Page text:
The most recent such deal came with the announcement from Sporting Solutions. It announced a deal with startup esports odds-provider RTSmunity to provide odds to Sporting Solutions customers, including William Hill.
Ed Peace, head of commercial at Sporting Solutions, said it had become obvious to the company that the skill set required to source, model and deliver reliable esports pricing differed “substantially” from traditional sports.
The Sporting Solutions/RTSmunity deal follows on from similar tie-ups in the space. Various providers of esports odds are vying for leadership in the nascent sector. Yet the challenge with esports is distinct from the rush to in-play that occurred in sports betting generally.
The key with esports is that it is hugely – and obviously – data-rich, due to the nature of the games. Truly exploiting the potential of all that data, however, is a challenge.
“Esports is quite unique,” says James Watson, head of esports at Betradar. “The data is available from the games themselves, of course. But it isn’t necessarily available in real-time.
“That’s why we have partnered with official data providers in the space,” Watson continued.” Without those partnerships, suppliers and the operators they service are relying on public data – public data that is delayed at source by the tournament organizers or game publishers.”
Watson points out that just in terms of those delays, esports encounters problems that other sports “just don’t face.”
“The delays can be anywhere between 30-40 seconds – which is bad enough when you compare that with, for instance, soccer – and even up to a few minutes.”
To attempt to solve the latency issue Sportradar has signed agreements with ESL (Esports League) and DOJO Madness, a Berlin-based esports data collection startup launched by ESL founder Jens Hilgers. The company produces training applications for recreational players. It also provides analysis tools for both the broadcasters and some of the teams.
Hilgers agrees with Watson that the data picture surrounding esports is more complex than with traditional sports.
“The strategic depths are significantly higher,” Hilgers said. “Our data science team has deep game knowledge, can understand game patches, the impact they might have, and what that means for our predictive models.”
The amount of data esports generates is vast. Building the models that can handle these data flows – and make use of them in the context of potential in-play betting opportunities – is a mammoth job. As Watson says, the model from traditional sports such as scouting either in-stadia or from live stream is “simply not fit for purpose.”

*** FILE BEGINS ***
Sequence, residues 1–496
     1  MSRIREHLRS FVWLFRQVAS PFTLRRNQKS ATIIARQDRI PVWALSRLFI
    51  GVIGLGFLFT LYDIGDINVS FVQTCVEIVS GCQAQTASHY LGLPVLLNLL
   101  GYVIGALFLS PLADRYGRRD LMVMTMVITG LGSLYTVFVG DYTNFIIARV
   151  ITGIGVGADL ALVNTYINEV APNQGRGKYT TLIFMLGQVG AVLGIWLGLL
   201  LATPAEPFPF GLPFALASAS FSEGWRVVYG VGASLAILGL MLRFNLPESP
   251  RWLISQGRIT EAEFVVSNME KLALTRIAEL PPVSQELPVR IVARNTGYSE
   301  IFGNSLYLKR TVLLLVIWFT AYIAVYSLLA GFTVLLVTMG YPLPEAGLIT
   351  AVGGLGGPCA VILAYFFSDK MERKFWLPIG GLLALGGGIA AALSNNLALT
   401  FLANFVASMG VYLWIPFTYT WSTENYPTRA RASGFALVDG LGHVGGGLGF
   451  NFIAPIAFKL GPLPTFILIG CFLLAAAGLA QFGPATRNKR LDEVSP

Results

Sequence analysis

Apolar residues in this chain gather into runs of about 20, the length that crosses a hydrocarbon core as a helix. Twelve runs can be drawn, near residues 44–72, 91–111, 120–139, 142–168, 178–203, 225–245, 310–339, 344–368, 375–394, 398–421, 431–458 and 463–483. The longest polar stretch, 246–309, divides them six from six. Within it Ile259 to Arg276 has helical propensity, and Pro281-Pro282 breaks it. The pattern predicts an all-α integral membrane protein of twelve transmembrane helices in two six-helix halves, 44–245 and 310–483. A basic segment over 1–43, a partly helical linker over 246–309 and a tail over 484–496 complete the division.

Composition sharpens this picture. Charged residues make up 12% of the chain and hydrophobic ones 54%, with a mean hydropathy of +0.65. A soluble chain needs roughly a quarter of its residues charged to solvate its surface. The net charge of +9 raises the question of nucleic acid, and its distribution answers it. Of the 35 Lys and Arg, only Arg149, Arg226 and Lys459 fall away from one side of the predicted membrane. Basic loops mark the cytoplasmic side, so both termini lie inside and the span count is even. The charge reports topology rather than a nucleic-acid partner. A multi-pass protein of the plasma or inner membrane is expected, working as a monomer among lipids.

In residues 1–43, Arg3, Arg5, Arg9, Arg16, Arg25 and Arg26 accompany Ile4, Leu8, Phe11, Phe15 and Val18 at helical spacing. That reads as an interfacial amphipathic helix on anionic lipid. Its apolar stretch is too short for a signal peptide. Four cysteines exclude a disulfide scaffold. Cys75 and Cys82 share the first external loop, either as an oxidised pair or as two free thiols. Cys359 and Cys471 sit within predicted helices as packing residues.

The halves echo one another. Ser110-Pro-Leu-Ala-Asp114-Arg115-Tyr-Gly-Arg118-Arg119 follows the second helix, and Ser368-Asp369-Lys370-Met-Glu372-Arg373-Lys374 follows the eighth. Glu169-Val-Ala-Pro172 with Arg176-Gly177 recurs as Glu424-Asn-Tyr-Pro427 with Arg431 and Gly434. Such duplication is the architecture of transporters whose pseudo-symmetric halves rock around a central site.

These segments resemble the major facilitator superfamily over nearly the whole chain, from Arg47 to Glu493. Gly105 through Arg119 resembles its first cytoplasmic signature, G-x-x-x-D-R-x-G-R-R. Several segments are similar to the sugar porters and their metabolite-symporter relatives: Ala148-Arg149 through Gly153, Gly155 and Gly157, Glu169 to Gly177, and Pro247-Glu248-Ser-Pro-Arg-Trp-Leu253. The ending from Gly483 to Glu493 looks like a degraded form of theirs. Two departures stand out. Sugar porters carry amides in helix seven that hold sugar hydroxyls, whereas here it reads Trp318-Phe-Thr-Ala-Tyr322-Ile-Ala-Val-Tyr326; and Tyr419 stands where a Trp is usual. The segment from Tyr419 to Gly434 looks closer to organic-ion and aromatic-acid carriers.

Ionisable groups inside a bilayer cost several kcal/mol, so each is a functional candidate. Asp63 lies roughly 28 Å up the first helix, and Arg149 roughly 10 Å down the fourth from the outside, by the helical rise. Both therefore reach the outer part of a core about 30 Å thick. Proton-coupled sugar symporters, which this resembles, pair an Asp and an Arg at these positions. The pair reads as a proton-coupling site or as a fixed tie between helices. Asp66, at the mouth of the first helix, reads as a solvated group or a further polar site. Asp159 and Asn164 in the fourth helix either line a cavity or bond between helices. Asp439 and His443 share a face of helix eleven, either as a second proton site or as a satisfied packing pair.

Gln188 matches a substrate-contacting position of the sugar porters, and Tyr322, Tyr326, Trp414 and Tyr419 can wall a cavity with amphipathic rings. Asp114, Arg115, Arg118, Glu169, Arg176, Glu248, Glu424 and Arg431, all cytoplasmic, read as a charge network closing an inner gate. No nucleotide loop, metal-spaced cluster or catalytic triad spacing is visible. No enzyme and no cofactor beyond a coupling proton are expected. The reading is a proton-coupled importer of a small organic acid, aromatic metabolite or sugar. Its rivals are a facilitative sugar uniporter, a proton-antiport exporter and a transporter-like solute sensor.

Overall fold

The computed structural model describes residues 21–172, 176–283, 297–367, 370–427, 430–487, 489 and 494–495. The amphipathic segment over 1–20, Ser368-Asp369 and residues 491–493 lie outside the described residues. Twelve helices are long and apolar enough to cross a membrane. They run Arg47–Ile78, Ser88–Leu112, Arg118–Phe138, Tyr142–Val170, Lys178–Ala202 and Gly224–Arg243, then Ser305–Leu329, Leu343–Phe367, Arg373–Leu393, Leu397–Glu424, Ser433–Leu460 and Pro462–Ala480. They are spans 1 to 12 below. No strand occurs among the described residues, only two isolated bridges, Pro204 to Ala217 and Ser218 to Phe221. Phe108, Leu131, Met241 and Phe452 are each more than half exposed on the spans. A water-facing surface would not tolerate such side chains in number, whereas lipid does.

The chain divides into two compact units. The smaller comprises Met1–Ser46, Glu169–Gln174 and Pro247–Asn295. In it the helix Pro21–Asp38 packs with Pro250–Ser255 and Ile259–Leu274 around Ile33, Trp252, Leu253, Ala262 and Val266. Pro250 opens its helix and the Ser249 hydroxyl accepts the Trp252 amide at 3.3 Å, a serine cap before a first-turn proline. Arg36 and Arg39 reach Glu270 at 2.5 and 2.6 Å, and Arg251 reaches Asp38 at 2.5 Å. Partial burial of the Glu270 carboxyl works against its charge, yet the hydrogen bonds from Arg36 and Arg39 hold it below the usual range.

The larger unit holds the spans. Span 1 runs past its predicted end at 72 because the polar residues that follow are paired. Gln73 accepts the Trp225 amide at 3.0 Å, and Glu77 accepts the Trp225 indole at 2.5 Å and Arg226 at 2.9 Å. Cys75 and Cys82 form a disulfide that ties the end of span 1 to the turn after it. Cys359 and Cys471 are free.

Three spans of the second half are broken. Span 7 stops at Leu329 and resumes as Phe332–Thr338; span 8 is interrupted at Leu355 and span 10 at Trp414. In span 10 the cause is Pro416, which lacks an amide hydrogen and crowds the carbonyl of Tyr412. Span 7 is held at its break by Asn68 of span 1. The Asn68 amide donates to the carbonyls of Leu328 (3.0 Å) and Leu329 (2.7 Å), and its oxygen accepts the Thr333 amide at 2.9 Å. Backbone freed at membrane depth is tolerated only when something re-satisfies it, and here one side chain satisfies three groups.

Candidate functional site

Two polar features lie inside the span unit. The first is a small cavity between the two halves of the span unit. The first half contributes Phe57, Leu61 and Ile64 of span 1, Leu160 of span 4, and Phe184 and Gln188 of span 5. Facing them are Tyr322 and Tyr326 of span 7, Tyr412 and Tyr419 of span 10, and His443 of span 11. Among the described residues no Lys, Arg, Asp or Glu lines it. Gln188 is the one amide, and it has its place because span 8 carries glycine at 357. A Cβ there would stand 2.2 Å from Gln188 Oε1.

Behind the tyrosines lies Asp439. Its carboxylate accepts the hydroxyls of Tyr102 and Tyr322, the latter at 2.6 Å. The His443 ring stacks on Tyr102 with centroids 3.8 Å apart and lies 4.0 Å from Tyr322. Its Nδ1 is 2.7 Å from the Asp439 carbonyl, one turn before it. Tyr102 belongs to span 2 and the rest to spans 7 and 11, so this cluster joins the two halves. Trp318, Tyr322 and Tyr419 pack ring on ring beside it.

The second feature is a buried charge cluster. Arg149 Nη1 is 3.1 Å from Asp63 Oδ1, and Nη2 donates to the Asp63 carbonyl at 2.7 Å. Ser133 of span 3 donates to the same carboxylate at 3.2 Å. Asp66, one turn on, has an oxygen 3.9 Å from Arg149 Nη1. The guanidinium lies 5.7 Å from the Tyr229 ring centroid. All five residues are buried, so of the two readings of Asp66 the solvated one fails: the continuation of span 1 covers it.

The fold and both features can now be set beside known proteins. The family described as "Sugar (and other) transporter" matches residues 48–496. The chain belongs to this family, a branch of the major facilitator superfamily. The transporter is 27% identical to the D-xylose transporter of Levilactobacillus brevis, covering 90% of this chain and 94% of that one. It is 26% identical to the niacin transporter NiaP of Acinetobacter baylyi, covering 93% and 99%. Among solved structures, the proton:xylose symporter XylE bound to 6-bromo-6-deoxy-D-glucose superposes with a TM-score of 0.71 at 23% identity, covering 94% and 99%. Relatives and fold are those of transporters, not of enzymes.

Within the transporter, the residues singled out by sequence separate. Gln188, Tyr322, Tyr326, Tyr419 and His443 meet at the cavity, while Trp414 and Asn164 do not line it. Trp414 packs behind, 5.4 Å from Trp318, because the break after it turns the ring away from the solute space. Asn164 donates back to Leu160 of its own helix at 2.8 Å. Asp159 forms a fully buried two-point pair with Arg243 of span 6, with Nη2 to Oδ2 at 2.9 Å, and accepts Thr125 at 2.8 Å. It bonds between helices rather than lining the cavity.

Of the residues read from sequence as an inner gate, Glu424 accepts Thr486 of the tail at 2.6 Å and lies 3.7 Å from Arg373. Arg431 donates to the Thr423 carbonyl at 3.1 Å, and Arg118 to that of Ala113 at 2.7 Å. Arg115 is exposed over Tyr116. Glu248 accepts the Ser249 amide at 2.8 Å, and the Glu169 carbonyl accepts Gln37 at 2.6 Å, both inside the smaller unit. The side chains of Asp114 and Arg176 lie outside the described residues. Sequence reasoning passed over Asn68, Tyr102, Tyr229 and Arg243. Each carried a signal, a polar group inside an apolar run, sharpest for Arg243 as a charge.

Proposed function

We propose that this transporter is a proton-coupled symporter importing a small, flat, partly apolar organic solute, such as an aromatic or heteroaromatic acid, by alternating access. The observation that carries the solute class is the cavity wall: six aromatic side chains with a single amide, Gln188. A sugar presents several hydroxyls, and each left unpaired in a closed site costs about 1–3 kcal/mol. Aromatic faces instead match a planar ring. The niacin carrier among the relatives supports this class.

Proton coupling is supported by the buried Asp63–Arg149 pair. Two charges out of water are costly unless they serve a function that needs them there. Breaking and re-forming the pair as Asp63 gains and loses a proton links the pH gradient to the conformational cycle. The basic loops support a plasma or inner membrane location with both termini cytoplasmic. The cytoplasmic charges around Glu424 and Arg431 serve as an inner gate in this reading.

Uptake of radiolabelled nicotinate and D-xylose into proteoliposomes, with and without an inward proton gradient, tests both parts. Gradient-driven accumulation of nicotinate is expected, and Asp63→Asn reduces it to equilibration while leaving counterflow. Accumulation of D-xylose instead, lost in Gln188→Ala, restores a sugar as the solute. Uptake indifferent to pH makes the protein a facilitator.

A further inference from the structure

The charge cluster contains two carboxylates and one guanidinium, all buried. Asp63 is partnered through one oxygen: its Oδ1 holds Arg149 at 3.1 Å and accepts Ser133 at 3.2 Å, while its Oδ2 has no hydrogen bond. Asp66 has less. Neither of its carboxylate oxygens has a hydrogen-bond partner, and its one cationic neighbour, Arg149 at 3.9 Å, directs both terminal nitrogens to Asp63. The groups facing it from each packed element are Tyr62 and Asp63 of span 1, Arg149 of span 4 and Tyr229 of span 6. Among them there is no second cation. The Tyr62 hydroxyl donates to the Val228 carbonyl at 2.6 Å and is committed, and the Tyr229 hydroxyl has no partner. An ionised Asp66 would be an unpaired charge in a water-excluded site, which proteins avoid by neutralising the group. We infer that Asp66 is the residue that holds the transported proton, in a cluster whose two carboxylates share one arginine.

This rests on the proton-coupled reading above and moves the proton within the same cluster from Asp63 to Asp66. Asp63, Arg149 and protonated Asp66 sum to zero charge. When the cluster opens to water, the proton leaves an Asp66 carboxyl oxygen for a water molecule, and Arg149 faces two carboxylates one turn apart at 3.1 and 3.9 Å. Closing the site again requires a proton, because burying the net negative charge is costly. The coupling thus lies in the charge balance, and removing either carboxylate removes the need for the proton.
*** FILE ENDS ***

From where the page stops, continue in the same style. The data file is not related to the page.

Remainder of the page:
Rahul Sood, chief executive at esports-only betting operator Unikrn agrees. He suggests that traditional sports is “pretty straightforward” in comparison with the complexities of the esports landscape.
“It’s very fragmented. There are multiple tournament providers, multiple publishers, multiple games and teams tend to change very quickly in the space,” Sood said. “Players come and go. It’s fast-moving and a very early and nascent space. Our biggest challenge is to be able to gather all that information, automate the processes and build the algorithms and the technology.”
The amount of data is one issue, but another is the lack of any common standards of collection.
“It is truly a game-by-game and publisher-by-publisher approach,” Hilgers said. “We have to rely on multiple data sources for each individual game.”
In such circumstances, partnerships make a lot of sense. Esports is an ecosystem within which betting – particularly regulated betting as opposed to skin betting – is a relatively new component. As much for providers as for operators, pitching the offering in the right fashion is vital. In terms of the end consumer, it is about credibility.
For the suppliers, at present, in-play remains a battleground with competing claims regarding in-play dominating the conversation. (The rumors at ICE Totally Gaming earlier in the month regarding what each provider said about each other’s capabilities in this area prove that point.)
How the player experiences the products firsthand will settle the arguments, eventually.
Watson makes the point that the esports audience doesn’t suffer fools gladly.
“The fans can see through poorly-run events really quickly,” he said. “For instance, if someone runs an event and runs it badly, they will see through that and they won’t give you a second chance. Similar evaluations will be made of the operators that provide esports products and solutions to knowledgeable fans and punters and reputations will be cast.”
Watson points to the example of CS:GO, where the ideal would be for people to be able to bet round-by-round.
“That’s quite a simple concept, but it’s quite difficult to execute which is why no one’s really doing it,” he said. “We think there are some real gaping holes to be exploited; it’s just about doing it right.”
Watson thinks a soft approach is the best route to gain a foothold with the esports audience. He argues that “introducing 100 in-play markets all at once” would be harmful for the ecosystem as a whole. But he adds that the speed of development within the space shouldn’t be underestimated.
“The speed with which esports betting moves, I wouldn’t rule any new game or market being introduced,” Watson said.